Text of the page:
Fans leave laudatory messages for their adored officials, upload pictures, discuss hot topics and post articles on political and social issues.

Wang Yang, Party chief of Guangdong known for his creative reform ideas and active participation in online forums, has won the most popularity. Fans nickname him as "Wang Shuai" (Handsome Wang) and depict him as "courageous and capable", leaving messages to support his reforms.
Yang has launched a competition for the best cartoon image of Wang, offering a first prize of 5,000 yuan (735 U.S. dollars).

"I don't mean to mock the officials, but to encourage people to treat officials as ordinary people," says Yang.

One site aficionado nicknamed "Gentleman Huachuan", from Zhejiang Province, tells Xinhua he learned of the website from another online forum.

"I like its truth-telling style," he says, adding that he had posted occasional articles concerning people's livelihoods.

In addition to expressing their admiration, fans also contribute ideas for local development, raise issues vital to the public's interest and offer suggestions for improving efficiency and transparency.

An official from Yiwu's press office says it is paying close attention to the site. "With the Internet's rapid development, more communication channels between the government and the public are emerging, and the government will embrace them with an open attitude."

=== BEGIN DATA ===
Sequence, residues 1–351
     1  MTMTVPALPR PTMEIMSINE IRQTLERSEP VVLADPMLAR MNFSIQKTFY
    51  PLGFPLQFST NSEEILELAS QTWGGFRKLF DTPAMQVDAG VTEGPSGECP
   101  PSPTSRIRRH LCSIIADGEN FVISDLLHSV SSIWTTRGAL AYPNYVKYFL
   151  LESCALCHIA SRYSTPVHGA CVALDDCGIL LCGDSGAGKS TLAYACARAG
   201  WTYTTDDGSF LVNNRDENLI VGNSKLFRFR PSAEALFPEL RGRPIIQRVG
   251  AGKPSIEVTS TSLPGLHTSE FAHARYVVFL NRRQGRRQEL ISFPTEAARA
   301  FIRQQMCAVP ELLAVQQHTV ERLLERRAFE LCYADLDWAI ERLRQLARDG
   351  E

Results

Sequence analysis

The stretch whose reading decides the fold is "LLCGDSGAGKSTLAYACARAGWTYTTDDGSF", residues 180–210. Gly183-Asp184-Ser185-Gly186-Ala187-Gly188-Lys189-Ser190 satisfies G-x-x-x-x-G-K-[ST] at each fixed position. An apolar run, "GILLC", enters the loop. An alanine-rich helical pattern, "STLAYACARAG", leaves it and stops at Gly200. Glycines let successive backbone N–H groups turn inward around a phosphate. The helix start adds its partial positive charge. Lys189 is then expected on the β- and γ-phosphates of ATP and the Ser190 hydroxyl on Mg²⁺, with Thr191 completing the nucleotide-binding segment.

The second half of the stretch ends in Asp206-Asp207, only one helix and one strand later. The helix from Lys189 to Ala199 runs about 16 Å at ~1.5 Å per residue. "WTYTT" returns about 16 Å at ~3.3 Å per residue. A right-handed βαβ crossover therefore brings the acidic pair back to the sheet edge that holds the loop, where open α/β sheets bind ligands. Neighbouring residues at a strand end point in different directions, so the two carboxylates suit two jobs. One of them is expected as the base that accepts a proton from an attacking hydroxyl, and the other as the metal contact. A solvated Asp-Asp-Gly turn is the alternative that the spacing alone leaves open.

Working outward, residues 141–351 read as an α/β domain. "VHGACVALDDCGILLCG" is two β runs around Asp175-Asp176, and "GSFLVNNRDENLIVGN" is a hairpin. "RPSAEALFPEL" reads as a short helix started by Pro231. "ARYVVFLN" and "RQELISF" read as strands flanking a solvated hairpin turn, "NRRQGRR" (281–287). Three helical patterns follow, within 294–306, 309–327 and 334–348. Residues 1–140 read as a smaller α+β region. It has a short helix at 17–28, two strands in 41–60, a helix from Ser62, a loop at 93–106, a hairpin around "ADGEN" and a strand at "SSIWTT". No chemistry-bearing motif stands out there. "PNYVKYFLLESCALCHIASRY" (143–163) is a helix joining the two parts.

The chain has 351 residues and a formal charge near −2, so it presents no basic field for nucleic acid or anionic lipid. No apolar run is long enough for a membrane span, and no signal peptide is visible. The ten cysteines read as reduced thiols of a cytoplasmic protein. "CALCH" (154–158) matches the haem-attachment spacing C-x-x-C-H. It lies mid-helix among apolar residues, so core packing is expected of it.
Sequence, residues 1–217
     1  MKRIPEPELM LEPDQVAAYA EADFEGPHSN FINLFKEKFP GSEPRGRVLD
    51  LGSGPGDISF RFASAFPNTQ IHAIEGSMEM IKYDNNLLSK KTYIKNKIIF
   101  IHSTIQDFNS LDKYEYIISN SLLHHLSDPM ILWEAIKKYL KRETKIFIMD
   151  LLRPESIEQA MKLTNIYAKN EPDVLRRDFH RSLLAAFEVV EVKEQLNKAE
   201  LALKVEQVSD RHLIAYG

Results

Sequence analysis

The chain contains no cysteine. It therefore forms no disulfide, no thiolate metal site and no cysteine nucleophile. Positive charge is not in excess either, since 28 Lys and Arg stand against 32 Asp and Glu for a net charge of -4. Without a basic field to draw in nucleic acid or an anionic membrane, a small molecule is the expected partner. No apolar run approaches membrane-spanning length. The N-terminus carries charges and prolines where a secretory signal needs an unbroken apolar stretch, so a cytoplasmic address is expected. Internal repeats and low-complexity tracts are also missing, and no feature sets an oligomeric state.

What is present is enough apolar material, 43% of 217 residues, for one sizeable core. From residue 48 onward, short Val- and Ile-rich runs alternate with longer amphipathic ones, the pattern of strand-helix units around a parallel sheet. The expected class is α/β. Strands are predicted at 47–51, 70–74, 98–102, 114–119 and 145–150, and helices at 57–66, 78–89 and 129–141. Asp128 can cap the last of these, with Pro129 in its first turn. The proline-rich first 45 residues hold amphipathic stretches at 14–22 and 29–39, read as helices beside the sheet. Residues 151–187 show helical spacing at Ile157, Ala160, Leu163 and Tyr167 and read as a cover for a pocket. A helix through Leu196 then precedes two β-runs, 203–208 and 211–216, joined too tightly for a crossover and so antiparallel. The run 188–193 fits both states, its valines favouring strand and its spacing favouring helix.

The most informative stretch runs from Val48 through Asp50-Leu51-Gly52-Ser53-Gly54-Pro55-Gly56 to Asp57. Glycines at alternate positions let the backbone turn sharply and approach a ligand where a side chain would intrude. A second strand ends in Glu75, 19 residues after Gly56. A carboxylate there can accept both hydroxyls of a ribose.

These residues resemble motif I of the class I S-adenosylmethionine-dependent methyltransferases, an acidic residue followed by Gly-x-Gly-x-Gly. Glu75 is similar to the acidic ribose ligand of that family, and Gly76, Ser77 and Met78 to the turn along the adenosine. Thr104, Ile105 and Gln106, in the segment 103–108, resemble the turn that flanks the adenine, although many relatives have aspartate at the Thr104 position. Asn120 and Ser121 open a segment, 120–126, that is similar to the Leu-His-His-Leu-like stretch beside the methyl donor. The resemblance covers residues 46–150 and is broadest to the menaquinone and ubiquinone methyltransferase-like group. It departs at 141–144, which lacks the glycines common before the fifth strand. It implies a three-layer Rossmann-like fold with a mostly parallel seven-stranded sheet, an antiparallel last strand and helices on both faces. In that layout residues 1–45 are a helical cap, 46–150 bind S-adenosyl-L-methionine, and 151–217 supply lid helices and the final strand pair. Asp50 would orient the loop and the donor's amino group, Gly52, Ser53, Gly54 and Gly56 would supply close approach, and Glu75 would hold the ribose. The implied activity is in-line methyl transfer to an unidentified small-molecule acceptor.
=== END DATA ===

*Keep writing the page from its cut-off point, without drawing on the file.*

China had 298 million Internet users by the end of 2008, of whom 91 percent had the access to broadband, according to the China Internet Network Information Center.

Last year saw a peak in social and political activity on the Internet.

In June, President Hu visited Qiangguo Forum, a virtual forum organized by the People's Daily, and chatted with the public. Premier Wen also said that he used the Internet to listen to public opinions and suggestions.

Meanwhile, Internet vigilantes, known as "human flesh search engines", hunted down a string of government officials, including the deputy head of Shenzhen's marine affairs bureau, who allegedly tried to molest a teenage girl, and the director of Nanjing's property bureau, who misused public funds to buy luxury goods.

"We ordinary people cannot escape from taking responsibility if the government goes wrong," says Yang. "We shall push the government to make changes."

His plans to expand the site to include officials from 500 cities, as his is inundated with requests from other places. He aims to make it more influential than the website of Hong Kong-based Phoenix TV, a Chinese-language station that is more popular on the mainland than elsewhere around the globe. But Yang admits he is short of funds.

"If opinions and suggestions raised by the public are reasonable and well intended, they will have a positive impact on the government," says Professor Zhang. "The government may use them as a mirror with which they can realize and rectify defects."